It should go without saying that your populate process better be absolutely consistent.

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+1 for "strategies for minimizing the risk." –  Matthew Flynn Jan 3 '12 at 17:57
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Design the normalized database you need with the data types you need. Then the hardest part is migrating the data. First you need to have a plan for how you are going to map from the old to new and what you are going to do with data that doesn't meet the new structure. For instance you may have data is that is now unidentifiable if you didn't have proper integrity constraints. You may want to simply not move that data or you may need to move it but attach it to a new parent record called "Unknown". If a date isn;t really a real date, can you put a null in the field when migrating? You will need answers to those sorts of questions. I woudl suggest that you have some of the developers work on changin the gui to use the new database struture and others to work strictly on the migration. The migration is huge task, it will taks a lot of skill and alot of time. Don't leave it as an afterthought.

Since you are using SQL Server, you can do the actual migration through SSIS.

Create a good solid set of test cases so that you can compare that results with the old system are the same with the new system.

Because you have so many years of data you may want to migrate in two parts. First migrate most of the data and then when it is time to go live, only migrate changed data. Of course you would need to put controls in place on the database to be able to find changed data which you may not yet have. You may also comsider at this time if you want to archive some data.

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Try to convince them to contract the development of the new system to an outside company, there are a lot of good development companies that have the resources to properly develop applications faster and better than your limited team. A good development company will also be able to force your superiors into doing things they may not do if you requested to do them, the PM of the company getting paid a lot of money to develop an app has a lot more pull to get user involvement than the IT guy many levels below the management authority to arrange such things.

It costs a lot of money up front, but it will pay off big time to have the proper resources for development and implementation. If you do manage to get an RFP put out I would wager that the bids you get indicate that what you are trying to do is far more complicated than your managers realize.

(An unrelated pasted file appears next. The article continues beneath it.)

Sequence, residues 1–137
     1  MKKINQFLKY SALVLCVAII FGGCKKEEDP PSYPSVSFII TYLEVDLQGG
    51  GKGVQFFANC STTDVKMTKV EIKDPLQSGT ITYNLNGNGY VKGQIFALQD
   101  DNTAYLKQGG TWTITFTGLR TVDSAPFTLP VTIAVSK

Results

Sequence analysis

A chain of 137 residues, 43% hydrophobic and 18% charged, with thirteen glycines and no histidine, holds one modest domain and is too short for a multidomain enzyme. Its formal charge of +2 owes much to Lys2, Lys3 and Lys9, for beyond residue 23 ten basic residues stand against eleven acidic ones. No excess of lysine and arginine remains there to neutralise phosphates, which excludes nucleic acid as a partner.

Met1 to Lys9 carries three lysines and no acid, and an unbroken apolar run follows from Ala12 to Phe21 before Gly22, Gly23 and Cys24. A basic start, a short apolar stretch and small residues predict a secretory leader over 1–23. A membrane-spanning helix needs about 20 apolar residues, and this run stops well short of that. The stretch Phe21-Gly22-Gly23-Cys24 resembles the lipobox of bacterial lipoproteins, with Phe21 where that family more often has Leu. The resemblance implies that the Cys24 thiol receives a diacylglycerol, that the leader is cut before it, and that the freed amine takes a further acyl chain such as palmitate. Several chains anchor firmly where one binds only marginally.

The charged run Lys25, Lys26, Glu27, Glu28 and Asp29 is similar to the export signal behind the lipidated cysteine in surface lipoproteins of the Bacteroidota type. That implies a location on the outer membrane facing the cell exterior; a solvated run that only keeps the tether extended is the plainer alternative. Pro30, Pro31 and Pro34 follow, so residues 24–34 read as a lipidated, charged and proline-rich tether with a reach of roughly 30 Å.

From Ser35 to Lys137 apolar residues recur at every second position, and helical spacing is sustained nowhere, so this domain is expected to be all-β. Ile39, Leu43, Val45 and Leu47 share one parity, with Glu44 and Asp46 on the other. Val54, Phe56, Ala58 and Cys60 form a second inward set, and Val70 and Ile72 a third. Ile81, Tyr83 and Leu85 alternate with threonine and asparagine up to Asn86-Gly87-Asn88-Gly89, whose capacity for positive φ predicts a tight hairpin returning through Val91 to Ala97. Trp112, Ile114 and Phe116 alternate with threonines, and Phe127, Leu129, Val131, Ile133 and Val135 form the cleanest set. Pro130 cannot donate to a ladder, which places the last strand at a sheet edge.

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+1, for recognizing the importance of having the desired skill. –  Emmad Kareem Jan 3 '12 at 18:23
    
Unfortunately, we are the contractors. All the programmers here are. Our team leads are too, but up past that our bosses are various levels of the customer's own management system. –  UtopiaLtd Jan 3 '12 at 18:32
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I am confronted with re-designing of database schema almost daily due to support and further development of several legacy applications that were born as MS Access files (.mdb) and then grew up to large databases with several hundreds of tables now located on MS SQL Server but still having the "infant deceases" of the original design. Here are some practices I found useful for me:

Try to minimize the publicly available surface of your database schema.

This means that you should try to design some public API that you make available to external applications. I normally try to implement the static data as views (even if they are just based on a single table) and dynamic data as parameterized views or as stored procedures. For data queries where only a single value is enough one can also use scalar functions.

Only these (views, stored procedures and scalar functions) are visible to external applications (via ORM or directly) and used for all CRUD operations. This schema is then frozen completely, whereas internally you might change the underlying tables, improve your procedures etc. -- this won't break the compatibility to your application.

Try to optimize for real-world criteria, not for those from books.

Normalization is a big topic in every book on database design. But in real life there are cases when normalization won't bring you much or even slow-down your database, for example if you have some data that is repeated, but the percentage of repetitions is very low etc. I am not against normalization, what I am trying to say here is that you have to tackle it with some skepticism and prudence.

Record profiling session and analyze them.

Database re-design based solely on the database schema is not complete. Look at your database in its dynamics, try to find the bottlenecks during load tests and address those. In case of MS SQL Server there is a special Tuning Advisor that can generate some recommendations upon the recorded activity trace.